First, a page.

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Immigration FAQ's

Immigration FAQ

What Forms of Relief are Available from Removal?

During removal proceedings, the US government may argue why an alien should not be allowed to enter the country or why the alien should be removed (or deported) from the US. The alien has the right to argue why he or she should be allowed to enter the country, why he or she should not be deported and why he or she is entitled to another form of relief. At the conclusion of the removal hearing, an immigration judge will determine whether the alien should be deported and whether he or she is eligible for a discretionary form of relief (this means a form of relief that the judge has the power to grant or deny). These forms of relief may include:

Cancellation of Removal

In rare cases, an alien may be eligible to have the removal proceedings cancelled. This can occur for legal permanent residents and those in the US on nonimmigrant visas. The eligibility requirements for this form of relief are based on years of residence and physical presence in the US. For legal permanent residents, they must have held this status for at least five years and continuously lived in the US for at least seven years after they were legally admitted to the country. Additionally, legal permanent residents cannot have been convicted for an aggravated felony.

For those without permanent resident status, they must have be continuously present within the US for the last 10 years, and during that time period, exhibited good moral character. This means they may not have committed a deportable offense or other acts showing poor character, like failure to pay child support or alimony. They also must be able to show that deportation would create an exceptional and extremely unusual hardship for themselves and/or their immediate family, which includes spouses, children and parents who must hold legal permanent resident status or US citizenship. This can be a very difficult standard to prove.

Adjustment of Status

Aliens who entered the US with a nonimmigrant status (i.e. a temporary visa) may be able to change their immigration status to that of a legal permanent resident. By adjusting their status, the aliens would be able to avoid removal from the country. This form of relief would be available in instances when an alien overstayed his or her departure date for a nonimmigrant visa or had not received a change or extension of status prior to the departure date. In order to receive an adjustment of status, the alien must be admissible as a legal permanent resident and there must be a visa immediately available at the time the application for permanent residence is made. This most often occurs in cases of family sponsorship, including marriage to a US citizen, and employer-sponsorship.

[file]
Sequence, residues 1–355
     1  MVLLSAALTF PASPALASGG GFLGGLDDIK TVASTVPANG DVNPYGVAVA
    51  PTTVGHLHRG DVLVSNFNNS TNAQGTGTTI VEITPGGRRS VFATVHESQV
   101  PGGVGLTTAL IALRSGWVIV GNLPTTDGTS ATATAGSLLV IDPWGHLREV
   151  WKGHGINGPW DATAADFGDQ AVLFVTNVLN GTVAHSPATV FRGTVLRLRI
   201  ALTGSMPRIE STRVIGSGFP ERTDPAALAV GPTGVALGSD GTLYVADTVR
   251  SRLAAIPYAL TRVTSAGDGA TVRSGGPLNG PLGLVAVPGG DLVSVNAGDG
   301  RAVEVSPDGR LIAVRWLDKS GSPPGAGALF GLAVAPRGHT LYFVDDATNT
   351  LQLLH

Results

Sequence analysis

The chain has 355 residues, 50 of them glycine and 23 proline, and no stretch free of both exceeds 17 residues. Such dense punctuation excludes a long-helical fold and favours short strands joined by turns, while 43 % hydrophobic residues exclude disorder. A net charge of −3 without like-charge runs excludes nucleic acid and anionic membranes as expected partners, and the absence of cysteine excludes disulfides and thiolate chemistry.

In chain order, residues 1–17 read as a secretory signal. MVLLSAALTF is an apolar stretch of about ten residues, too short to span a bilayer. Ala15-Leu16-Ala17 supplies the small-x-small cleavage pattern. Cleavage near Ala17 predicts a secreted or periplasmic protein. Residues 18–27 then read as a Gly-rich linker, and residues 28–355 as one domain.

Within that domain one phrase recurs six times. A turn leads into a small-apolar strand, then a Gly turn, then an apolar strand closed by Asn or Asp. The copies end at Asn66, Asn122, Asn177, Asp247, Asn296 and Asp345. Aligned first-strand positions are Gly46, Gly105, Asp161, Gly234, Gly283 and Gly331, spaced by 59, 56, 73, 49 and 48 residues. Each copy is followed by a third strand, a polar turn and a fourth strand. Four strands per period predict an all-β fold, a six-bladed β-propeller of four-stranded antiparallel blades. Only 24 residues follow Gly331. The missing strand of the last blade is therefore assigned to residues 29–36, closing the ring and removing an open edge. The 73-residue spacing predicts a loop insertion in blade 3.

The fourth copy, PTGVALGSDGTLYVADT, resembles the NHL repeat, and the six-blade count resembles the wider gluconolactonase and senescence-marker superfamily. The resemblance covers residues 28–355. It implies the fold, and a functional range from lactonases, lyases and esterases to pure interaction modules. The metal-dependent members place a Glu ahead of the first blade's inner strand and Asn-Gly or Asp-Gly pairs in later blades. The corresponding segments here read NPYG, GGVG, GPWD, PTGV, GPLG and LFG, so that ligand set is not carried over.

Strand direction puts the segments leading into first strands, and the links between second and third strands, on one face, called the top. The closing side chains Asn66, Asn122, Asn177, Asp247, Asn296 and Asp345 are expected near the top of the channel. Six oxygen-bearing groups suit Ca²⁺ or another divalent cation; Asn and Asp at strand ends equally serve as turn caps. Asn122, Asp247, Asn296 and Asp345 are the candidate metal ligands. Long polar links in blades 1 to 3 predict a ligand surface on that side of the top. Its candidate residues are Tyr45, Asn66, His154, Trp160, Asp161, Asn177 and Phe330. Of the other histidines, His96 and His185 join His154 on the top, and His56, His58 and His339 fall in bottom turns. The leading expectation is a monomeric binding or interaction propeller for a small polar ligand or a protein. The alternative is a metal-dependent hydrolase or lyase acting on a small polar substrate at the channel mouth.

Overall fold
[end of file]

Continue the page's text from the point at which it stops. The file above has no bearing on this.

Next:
Voluntary Departure

This is the most common form of relief offered by immigration judges. It requires aliens to leave the country on their own accord and their own expense either prior to the completion of removal proceedings or at completion. Aliens can either return to their home countries or to another country that will accept them. The immigration judge is allowed to determine how long the alien has to depart the US once voluntary departure has been accepted by the alien. Generally, if the alien selects to voluntarily depart prior to the conclusion of the removal proceedings, he or she has 120 days to leave the US. If the alien waits until the removal proceedings have ended, he or she is given 60 days to leave. If an alien fails to depart within the time period specified by the immigration judge, he or she will be subject to fines and a 10 year ineligibility period for other forms of relief from removal.


In some instances, foreign nationals will travel without authorization to a US border seeking entry in the country for asylum protection. Others may have entered the US on another status and seek to change their immigration status to asylee status or have entered the country illegally and seek asylum.

Immigration judges have the ability to grant asylum to those who meet the requirements for the protected status. In order to receive asylee status, the alien must meet the definition of a refugee. Under US law, a refugee is someone who has a credible fear of returning to his or her home country because of past or future persecution based on his or her religion, race, ethnicity or inclusion in a specific social or political group. Aliens may be ineligible to receive asylum if they have been convicted of an aggravated felony, pose a national security threat or previously have been denied asylum by an immigration judge. Aliens who entered the US more than one year ago, whether legally or illegally, and failed to file for asylum during that time period also may be ineligible for asylum.

Not all aliens will be eligible for one of these types of relief. For legal advice tailored to your specific removal questions, speak with an experienced immigration attorney in your area. Removal proceedings are serious matters and should not be taken lightly.

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